The developer, Moe Nobari, has been trying to build on Rancho San Juan since the early 1980s. In 2001, his successful lawsuit forced the County to process a Rancho San Juan specific plan—a kind of mini-general plan for the entire area.
Last year, he threatened to sue the County again, but agreed to dismiss his claims of damages if the Supervisors approved the project by the end of 2004.
The Supes did just that—and got slapped with five other lawsuits, including one from the city of Salinas and another from the state Department of Transportation, challenging the project’s environmental report.
In July, when Nobari’s attorney asked the board to cancel the November vote and consider a scaled-back project—which would still include Butterfly Villages—Nobari’s attorney said that this would give Rancho San Juan opponents what they have been asking for all along.
A generally pro-development group of men took this argument and ran with it at a news conference on Aug. 15. At the news conference, organized by 21st Century Solutions Group, spokesperson Brian Finegan—an attorney who usually represents pro-development interests but insisted that his group didn’t support or oppose Rancho San Juan—accused project opponents of lying.
“They really don’t want the Board of Supervisors to repeal the resolution, as requested in their petition,” he said, adding that the “real motive” is to “further their political agenda.”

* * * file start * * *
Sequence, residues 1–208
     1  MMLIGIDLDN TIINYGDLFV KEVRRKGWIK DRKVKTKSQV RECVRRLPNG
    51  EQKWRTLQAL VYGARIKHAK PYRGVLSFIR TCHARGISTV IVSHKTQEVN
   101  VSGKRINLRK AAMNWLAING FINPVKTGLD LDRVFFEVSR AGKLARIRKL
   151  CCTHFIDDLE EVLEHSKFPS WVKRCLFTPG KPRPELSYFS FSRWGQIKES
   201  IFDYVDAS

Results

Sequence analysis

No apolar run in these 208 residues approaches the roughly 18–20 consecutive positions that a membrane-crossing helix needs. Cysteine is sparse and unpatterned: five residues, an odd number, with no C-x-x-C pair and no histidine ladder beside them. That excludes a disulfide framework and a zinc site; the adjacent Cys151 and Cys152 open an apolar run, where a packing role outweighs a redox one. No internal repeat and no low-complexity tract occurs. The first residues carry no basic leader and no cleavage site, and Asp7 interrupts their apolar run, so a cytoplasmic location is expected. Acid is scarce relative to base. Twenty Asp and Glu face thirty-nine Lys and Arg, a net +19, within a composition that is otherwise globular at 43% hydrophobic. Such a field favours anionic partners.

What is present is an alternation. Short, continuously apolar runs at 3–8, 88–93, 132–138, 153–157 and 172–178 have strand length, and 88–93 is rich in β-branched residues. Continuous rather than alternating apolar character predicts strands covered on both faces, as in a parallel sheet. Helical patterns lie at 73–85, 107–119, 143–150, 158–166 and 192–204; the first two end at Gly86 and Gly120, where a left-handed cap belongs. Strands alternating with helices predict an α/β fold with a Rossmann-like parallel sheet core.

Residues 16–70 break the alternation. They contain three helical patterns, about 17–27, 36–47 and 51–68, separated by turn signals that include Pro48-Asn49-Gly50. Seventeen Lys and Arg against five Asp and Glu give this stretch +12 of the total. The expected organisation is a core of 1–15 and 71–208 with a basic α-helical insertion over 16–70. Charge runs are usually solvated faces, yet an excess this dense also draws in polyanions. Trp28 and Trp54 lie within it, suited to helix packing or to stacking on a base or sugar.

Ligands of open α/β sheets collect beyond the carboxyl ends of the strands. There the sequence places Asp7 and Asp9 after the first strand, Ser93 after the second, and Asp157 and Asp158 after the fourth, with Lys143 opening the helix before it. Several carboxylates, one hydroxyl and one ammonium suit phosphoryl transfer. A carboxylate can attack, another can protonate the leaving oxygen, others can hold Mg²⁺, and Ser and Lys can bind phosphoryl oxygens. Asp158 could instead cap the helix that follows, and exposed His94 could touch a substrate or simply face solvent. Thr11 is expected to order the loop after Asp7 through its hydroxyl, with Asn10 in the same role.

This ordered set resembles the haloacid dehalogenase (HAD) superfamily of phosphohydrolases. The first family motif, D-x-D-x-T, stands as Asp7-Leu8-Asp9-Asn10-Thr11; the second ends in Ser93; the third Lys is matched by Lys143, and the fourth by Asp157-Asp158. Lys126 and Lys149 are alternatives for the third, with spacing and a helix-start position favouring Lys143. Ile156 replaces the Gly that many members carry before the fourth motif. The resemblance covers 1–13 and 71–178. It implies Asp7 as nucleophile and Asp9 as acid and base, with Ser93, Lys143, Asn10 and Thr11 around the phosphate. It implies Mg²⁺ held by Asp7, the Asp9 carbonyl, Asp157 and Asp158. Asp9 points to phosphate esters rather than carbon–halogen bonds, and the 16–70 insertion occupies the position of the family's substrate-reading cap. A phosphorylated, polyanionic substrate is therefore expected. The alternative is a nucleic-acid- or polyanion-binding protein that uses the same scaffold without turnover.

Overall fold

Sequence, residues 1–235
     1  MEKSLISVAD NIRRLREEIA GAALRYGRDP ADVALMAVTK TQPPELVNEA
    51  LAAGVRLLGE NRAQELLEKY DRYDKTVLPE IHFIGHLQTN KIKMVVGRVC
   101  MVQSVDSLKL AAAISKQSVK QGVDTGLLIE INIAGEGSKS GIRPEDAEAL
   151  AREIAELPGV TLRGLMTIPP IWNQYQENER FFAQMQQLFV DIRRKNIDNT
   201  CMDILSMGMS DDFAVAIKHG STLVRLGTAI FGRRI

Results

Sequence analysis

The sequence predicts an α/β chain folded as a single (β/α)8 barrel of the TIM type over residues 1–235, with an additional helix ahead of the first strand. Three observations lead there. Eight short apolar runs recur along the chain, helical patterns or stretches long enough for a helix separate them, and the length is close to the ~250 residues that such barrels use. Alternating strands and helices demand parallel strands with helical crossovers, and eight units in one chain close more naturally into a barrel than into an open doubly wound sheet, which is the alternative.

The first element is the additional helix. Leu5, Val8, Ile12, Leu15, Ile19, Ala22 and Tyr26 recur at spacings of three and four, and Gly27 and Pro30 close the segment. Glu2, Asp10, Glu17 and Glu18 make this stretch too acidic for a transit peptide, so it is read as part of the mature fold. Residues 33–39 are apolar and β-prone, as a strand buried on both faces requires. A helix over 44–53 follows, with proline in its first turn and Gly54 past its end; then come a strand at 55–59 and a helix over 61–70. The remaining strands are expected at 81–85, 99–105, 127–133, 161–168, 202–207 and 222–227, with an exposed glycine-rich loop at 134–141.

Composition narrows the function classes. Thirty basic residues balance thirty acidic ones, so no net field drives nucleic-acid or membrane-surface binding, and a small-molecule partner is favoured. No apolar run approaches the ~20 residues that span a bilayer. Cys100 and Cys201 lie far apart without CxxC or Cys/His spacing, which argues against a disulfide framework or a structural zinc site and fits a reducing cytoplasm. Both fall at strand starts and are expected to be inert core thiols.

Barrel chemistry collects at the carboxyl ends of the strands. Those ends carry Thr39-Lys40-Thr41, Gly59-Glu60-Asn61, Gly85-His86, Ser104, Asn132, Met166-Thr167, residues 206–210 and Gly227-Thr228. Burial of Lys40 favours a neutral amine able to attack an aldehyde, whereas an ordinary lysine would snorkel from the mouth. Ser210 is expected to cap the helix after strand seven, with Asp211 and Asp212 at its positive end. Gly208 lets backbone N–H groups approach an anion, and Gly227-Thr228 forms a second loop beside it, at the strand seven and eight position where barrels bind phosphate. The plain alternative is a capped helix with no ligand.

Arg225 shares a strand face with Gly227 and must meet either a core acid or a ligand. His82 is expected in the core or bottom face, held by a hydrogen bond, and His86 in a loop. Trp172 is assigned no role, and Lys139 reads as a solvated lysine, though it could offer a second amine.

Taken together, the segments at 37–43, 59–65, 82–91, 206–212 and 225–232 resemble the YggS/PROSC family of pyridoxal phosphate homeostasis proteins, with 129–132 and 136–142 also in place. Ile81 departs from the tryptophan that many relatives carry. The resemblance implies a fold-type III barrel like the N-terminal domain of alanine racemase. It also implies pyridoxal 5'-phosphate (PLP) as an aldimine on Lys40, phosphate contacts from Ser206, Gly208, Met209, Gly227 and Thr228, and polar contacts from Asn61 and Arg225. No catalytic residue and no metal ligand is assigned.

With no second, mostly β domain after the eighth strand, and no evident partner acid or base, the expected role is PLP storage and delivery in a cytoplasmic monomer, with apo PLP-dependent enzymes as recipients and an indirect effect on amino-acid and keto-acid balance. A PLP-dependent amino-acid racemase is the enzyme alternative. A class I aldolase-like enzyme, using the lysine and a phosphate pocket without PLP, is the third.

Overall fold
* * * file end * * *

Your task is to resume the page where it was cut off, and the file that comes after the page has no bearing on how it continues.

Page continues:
Julie Engell, who chairs the Rancho San Juan Opposition Coalition, said her group’s real motive is to protect the public’s “constitutional rights and our ability to exercise them.”
She said that the only reason the supervisors were considering rescinding their previous approval of Rancho San Juan was because “they have already spent the money to redesign a plan and put in motion the developer’s interests in this.”
On Aug. 16, following the board’s 3-2 vote to keep the measure on the November ballot, Engell said she was pleased, but added she doesn’t believe that the board will vote no on a scaled-back version of Rancho San Juan.
“Is less better than more? Absolutely, but you have to go back to the initial promise made to the people of Monterey County: That the crisis of water and roads will be solved before development.”
When asked what it will take to win the November vote, she said, “A hell of a lot of work.”